Zero Hedge broke news this morning that Netflix (NASDAQ:NFLX) is apparently the target of an "undisclosed SEC investigation." Upon hearing the report and letting out one giant yawn, I emailed Netflix's VP of Corporate Communications, Steve Swasey. Here's the exciting exchange:
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Maybe it's just because I tend to follow Netflix more closely than the rest of the world, but, for some reason, I often have something tangible to add to the company's story that goes unreported elsewhere.
As usual, Netflix opens itself up to speculation when it issues a "no comment." Although that could be a better approach than letting CEO Reed Hastings put his foot in his mouth. In any event, I have yet to see anybody bring up something reported by the Puget Sound Business Journal back in September regarding Netflix and the SEC.
Stephen E. F. Brown captured a scoop that everybody else seems to have missed. Shortly thereafter, I summarized Brown's work and added my two cents to the report that the SEC was badgering Netflix about how it discloses subscriber metrics, particularly churn. Here's the meat of Brown's September story:
In late April, two months after Netflix filed its 2010 annual report with the SEC, regulators wrote the company asking it to disclose more detail about who subscribes to what (DVD by mail or online streaming plans or both) and about “rates of churn or any other statistics that would better enable investors to understand your business.”
... Investors, the SEC was saying, like to know how many customers quit Netflix service during a particular quarter or year, since the company’s business model is built on attracting as many customers as possible...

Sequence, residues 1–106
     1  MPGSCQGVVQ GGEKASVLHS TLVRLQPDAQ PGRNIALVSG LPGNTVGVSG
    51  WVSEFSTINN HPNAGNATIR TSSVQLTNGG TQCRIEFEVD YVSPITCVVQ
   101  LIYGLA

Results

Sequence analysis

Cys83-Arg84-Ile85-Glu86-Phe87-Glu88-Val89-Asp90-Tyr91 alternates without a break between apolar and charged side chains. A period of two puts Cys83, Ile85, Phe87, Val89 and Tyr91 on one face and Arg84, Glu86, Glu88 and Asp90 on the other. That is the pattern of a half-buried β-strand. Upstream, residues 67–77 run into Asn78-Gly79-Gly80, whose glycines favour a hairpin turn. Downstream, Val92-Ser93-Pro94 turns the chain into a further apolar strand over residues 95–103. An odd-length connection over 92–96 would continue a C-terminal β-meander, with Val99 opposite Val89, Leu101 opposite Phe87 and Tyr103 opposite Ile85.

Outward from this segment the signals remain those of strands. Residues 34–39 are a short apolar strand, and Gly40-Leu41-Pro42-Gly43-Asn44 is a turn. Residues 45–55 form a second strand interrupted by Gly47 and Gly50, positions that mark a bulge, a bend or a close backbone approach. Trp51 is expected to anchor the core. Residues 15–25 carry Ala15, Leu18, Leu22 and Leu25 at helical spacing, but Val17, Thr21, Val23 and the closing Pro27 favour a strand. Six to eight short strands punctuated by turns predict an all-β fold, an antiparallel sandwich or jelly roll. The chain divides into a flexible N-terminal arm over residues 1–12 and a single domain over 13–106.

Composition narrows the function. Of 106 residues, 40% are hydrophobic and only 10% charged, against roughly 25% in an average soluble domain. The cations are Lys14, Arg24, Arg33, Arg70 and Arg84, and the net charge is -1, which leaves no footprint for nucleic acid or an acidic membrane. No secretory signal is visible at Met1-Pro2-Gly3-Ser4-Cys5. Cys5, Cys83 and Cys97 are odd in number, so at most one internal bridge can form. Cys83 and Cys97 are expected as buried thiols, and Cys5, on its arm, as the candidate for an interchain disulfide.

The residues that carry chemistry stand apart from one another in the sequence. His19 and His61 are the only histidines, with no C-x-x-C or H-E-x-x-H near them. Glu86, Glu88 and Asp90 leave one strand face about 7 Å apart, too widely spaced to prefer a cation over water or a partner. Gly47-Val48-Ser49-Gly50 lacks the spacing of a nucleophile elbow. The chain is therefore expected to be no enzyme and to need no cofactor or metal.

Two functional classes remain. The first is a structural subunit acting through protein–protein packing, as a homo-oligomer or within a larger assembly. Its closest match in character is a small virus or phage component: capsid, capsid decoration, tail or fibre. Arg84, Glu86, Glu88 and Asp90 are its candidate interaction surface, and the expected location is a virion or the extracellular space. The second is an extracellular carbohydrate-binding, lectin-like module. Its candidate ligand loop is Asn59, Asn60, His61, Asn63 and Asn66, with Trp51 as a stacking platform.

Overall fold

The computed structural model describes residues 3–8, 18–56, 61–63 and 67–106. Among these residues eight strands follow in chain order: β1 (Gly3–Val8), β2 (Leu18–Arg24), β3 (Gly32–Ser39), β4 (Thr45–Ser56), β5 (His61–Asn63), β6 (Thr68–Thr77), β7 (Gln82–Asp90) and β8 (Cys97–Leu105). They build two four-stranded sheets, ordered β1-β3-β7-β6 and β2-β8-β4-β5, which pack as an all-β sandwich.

But Netflix disagrees. “With respect to various operational metrics, management has evolved its use of these metrics as the business has evolved,” it wrote the SEC in response. Because it is so easy to quit and then restart a Netflix subscription, it said, “the churn metric is a less reliable measure of business performance, specifically consumer acceptance of the service.”
The company told the SEC it planned to stop reporting churn for fiscal year 2012.
The SEC wrote back in late June, saying investors do indeed need to know about churn rates.
Netflix counterpunched again, saying that in a single year as many as a third of the people who buy a subscription are people who’ve quit that same year.
"We do not require long term commitments from our subscribers,” it wrote in July.
In its latest reply, the SEC kept its cards close to its chest. “We have completed our review of your filing. We remind you that our comments or changes to disclosure in response to our comments do not foreclose the Commission from taking any action with respect to the company or the filing and the company may not assert staff (i.e. SEC staff) comments as a defense in any proceeding,” regulators wrote in a terse, single-paragraph letter.
Of course, there's a chance that this is all this morning's report is about. However, Netflix's "no comment" leaves open the possibility that it's about something more. Given the myriad issues that surround this company's balance sheet, Is It Live or Is It Memorex conference calls, corporate communications or lack thereof, public discourse regarding shorts, options compensation, misguided stock buybacks and generally broken business model, nothing would surprise me.
Either way, I'm always baffled as to why the media and Wall Street picks up on one story at a particular time, but not on a similar, more specific story at another time. When Brown went public with explicit details on the SEC churn investigation in September, I was one of the few - maybe even the only - media members to follow up. Today's story basically says nothing precise other than there is some sort of inquiry and it makes repeated headlines while dinging the stock. Go figure.
This news only adds to the laundry list of reasons to, at the very least, not be long NFLX. Once 2012 losses come closer into view, I expect the stock to resume the next leg of its downward spiral. Of course, I will be watching out for guidance from the company, particularly regarding its subscriber situation in December. For what it's worth Netflix is heavily courting people to re-subscribe or take another free trial on the house.
Speaking of Twitter, feel free to follow me there @RoccoPendola.
Disclosure: I am short NFLX.
Additional disclosure: I am long NFLX June 2012 $40 put options.